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G.  K.   CHESTERTON                             II
man, remains to this day a favourite, even though those who
prefer Browning's verse to his arguments have continued
to complain about it over nearly fifty years. Dickens's
protest against the tyrannies of Victorian industrialism was
exactly the protest which he himself was anxious to make.
He wrote the book in 1906. Had he come to it a little later
in life he might have felt irritated by Dickens's theological
weakness, but, as it was, he wrote it just at the time of his
life when his admiration for Dickens was most unqualified.
Chaucer was a subject naturally suited to Chesterton's
sympathy, but the trouble about writing a life of Chaucer
is that we know so very little about him and our bricks have
therefore to be made of such very scanty straw. Un-
doubtedly in many ways the most satisfactory of his bio-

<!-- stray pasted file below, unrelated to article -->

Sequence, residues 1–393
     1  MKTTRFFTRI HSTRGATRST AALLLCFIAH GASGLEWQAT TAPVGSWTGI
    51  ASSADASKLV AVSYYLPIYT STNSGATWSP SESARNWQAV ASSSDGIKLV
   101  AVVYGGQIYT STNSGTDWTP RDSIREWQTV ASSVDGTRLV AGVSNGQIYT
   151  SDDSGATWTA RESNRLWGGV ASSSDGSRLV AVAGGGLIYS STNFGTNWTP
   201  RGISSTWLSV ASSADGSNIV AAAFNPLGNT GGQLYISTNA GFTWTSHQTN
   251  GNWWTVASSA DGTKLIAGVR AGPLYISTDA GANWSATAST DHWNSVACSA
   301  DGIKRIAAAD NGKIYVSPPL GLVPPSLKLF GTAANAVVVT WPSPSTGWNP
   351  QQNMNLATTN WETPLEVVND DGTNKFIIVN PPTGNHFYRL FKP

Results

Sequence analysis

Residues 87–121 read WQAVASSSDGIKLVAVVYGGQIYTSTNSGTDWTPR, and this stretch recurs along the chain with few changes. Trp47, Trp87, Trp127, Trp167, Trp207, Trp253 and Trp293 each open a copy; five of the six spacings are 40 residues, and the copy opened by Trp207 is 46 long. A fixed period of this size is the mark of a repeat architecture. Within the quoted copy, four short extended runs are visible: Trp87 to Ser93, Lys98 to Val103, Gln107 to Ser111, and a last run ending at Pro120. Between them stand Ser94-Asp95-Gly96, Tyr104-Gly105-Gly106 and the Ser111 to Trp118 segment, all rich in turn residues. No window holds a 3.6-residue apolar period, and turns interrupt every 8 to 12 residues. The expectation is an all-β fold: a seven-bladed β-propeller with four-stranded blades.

graphies was that of Cobbett. For Chesterton's debt to
Cobbett was immense. It was Cobbett who first loudly
challenged the popular Reformation view of English
history. It is true that Cobbett did it not through any
positive belief in or understanding of the Catholic religion,
to which indeed he never adhered, and what were to
Chesterton the most important things in life were to
Cobbett a closed book. Cobbett's interests were solely
political and social—they were partly to discredit the landed
aristocracy of his own day, and the Established Church,
which battened on it through discrediting its origins. But
it was from Cobbett that Mr. Belloc mainly learnt his view
of English history, and Chesterton learnt it from Mr. Belloc.
Cobbett was, it is true, a great exaggerator, indifferent to
detailed fact, but Chesterton also had an artist's indifference
to pedantry. And, if he admired Cobbett where he was
like him, he admired him equally, by a law of compensation,
where he was most unlike him. Chesterton, though an
enemy of industrialism and a believer in * the rude pea-
santry', was quite practically incompetent whether for
agriculture or for any other manual task. But Cobbett was
a practical farmer, and Chesterton had all the impractical
man's envy and admiration for the practical man. So here